Members of New Food Co-Op Vote to Model it on Park Slope Market

By Paul DeBenedetto on May 6, 2014 10:44am 

 Shoppers at the Park Slope Food Coop. A central Brooklyn food cooperative has voted to adopt the Park Slope institution's co-op model.
Shoppers at the Park Slope Food Coop. A central Brooklyn food cooperative has voted to adopt the Park Slope institution's co-op model.
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Chris Hondros/Getty Images

BROOKLYN — A new central Brooklyn food cooperative will model itself on the famous Park Slope market when it launches next year, organizers said.

Board members of the still-unnamed central Brooklyn food co-op, organized by Bed-Stuy nonprofit Brooklyn Movement Center, voted 10-7 in favor of adopting a model used by the Park Slope Coop and Clinton Hill's Greene Hill Food Co-op, organizers said.

They would require all shoppers to be members and for all members to work a minimum number of hours every month. All members would also have an ownership stake.

The member-worker-owner system beat out another structure modeled on cooperatives like ones in Bushwick and Flatbush, which allow non-members to shop as well.

"People were split," said organizer Harvir Kaur, 25, who did not vote, adding that thePark Slope model, "was more about the cooperative culture."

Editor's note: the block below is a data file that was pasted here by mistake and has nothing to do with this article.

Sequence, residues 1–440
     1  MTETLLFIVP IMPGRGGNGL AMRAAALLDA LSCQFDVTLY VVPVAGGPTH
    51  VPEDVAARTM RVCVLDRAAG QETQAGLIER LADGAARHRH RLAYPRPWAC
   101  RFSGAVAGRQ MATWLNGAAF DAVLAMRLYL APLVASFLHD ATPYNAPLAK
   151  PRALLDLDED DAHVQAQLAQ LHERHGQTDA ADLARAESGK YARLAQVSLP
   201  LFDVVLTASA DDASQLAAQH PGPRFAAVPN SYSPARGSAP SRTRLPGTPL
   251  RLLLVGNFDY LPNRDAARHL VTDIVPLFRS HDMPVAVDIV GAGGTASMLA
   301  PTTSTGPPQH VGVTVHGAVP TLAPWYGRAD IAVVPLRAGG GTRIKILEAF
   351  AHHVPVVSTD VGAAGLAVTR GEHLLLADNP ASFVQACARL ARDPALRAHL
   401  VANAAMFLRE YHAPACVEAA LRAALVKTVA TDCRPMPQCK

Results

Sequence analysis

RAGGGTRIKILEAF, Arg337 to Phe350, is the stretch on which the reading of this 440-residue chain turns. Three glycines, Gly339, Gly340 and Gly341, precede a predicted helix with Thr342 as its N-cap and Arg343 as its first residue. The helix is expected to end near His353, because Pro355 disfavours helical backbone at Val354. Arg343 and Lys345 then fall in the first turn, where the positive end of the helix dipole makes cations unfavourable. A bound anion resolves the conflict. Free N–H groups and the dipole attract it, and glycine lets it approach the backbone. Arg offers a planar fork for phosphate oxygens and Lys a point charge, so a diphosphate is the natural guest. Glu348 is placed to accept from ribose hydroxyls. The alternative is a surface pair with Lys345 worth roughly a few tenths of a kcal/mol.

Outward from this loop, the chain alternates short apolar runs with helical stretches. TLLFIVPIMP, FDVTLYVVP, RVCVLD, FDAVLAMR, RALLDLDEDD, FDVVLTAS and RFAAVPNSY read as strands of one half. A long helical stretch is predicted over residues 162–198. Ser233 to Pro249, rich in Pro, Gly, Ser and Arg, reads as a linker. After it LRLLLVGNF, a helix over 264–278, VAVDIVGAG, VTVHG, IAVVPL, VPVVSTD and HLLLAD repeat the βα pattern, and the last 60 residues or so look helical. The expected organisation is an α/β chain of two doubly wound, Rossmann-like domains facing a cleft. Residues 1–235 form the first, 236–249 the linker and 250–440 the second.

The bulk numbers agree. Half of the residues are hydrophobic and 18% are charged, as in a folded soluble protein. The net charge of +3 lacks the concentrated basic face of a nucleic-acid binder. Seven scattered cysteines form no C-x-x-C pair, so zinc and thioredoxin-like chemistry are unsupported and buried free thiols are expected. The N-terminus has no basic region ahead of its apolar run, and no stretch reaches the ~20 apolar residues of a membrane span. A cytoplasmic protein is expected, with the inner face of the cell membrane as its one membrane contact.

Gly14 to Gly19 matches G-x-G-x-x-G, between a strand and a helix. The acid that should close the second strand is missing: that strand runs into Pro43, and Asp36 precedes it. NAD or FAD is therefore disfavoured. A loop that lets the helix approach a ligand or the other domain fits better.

With the model chosen, organizers can now begin outreach to the community, Kaur said.

"This conversation has been in the works for quite a bit now, ever since we began our food co-op organizing process," Kaur said. "That decision is very important to the next work we're going to do."

Organizers are aiming for a March 2015 opening, Kaur said. They have not yet selected an exact location.

For some members, the model decision was a difficult one. One concern was that making the co-op members-only would discourage some people from shopping for healthy foods.

Shatia Strother, chairwoman of the co-op's outreach and membership committee, said she was originally unsure what her decision would be, but ultimately decided to vote for the winning model, reasoning that a members-only system would be easier to change if it didn't work.

"For a little while I was on the fence," said Strother, 29. "In the end I decided members-only was the best way to go."

Next on the agenda is choosing the co-op's name, which organizers hope will be done by June.

The ultimate goal is to provide access to affordable healthy foods in Bed-Stuy and Crown Heights, Kaur said.

"We saw in this neighborhood that the food systems that exist aren't by us and for us," Kaur said. "We saw a food co-op as fulfilling that context."

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